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Why I Use Jekyll

  • Adam Douglas

The last personal website I had circa 2010 was based upon WordPress. At that time it served it’s purpose however it eventually became more of a burden then ease to maintain due to security flaws and performance ineffectiveness. I’ve worked with many content management systems (CMS) such as Drupal, Joolma, Midgard Project, October and even at one point created my own CMS. For me they all had one major problem, complexity. I wanted simplicity. In the end I was not happy and the truth of the matter is I was using tools that were not fitting for the job. So saying all this in my long winded point, I’ve learned that one needs to choose the correct tools for the job and go back to the roots of what a website is. For this website I need a system and workflow that meets the following requirements.

  • Ability to automate tasks
  • Add data without a database
  • Base foundation already setup
  • Ease of use
  • Enjoyable to use
  • Extensible
  • Good performance
  • Limited security risks
  • Minimal requirements
  • Open source
  • Self-hosted
  • Slim, not bloated
  • Support Markdown
  • Template system

With these reasons I felt I should begin searching in the area of a Static Site Generator (SSG). By adding a few other tools to the build process such as Git, CSS/JavaScript framework, task manager, package manager, etc. the majority of the work after initial setup is automated away for you. This allows for simplicity, ease of workflow and enjoyable to work with. I can’t deny that I’ve spent endless hours researching which SSG I should use, even tried a few solutions out and I came to the conclusion that Jekyll was my solution. It seems popular and mature. Indeed there is other SSGs that appear they were made to fix what Jekyll maybe lacking, however I’m not entirely certain why but I just felt Jekyll gives more simplicity.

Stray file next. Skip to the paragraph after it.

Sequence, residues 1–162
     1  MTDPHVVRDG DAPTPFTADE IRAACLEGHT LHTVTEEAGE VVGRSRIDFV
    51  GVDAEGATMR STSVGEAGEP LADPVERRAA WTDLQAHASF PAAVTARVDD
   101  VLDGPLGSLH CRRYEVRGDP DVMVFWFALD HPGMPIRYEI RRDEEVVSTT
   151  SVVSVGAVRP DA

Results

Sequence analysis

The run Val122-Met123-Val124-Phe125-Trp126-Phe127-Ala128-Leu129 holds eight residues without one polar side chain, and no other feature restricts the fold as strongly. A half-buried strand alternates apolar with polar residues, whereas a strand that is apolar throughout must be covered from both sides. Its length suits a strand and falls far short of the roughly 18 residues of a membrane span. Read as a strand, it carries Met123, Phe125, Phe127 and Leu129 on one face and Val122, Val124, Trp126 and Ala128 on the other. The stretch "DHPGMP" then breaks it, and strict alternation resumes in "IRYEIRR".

I’ve wanted to try a Static Site Generator for quite some time and I do realize how late in the game I am to them. Jekyll is written in Ruby, a language I’ve done very little with. However this may bring a reason of opportunity to learn more about this language and maybe write something to help in this new journey. As to extensibility, yes one can get carried away with the extensibility and bring on the complexity, bloated and ineffectiveness as other past choices have had but as with everything else one has to find balance. Will I stick to using Jekyll, who knows as only time will tell.

I’m publishing this as part of 100 Days To Offload. You can join in yourself by visiting

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